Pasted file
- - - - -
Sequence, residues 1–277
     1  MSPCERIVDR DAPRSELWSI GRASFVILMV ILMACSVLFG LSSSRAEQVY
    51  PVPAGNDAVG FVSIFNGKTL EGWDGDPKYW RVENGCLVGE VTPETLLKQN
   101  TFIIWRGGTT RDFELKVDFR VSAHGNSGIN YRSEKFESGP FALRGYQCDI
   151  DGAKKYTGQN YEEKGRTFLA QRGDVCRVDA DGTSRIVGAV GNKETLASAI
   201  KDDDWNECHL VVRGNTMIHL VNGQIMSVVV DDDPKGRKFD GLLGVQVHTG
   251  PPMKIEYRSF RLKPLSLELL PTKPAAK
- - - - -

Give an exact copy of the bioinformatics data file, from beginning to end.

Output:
Sequence, residues 1–277
     1  MSPCERIVDR DAPRSELWSI GRASFVILMV ILMACSVLFG LSSSRAEQVY
    51  PVPAGNDAVG FVSIFNGKTL EGWDGDPKYW RVENGCLVGE VTPETLLKQN
   101  TFIIWRGGTT RDFELKVDFR VSAHGNSGIN YRSEKFESGP FALRGYQCDI
   151  DGAKKYTGQN YEEKGRTFLA QRGDVCRVDA DGTSRIVGAV GNKETLASAI
   201  KDDDWNECHL VVRGNTMIHL VNGQIMSVVV DDDPKGRKFD GLLGVQVHTG
   251  PPMKIEYRSF RLKPLSLELL PTKPAAK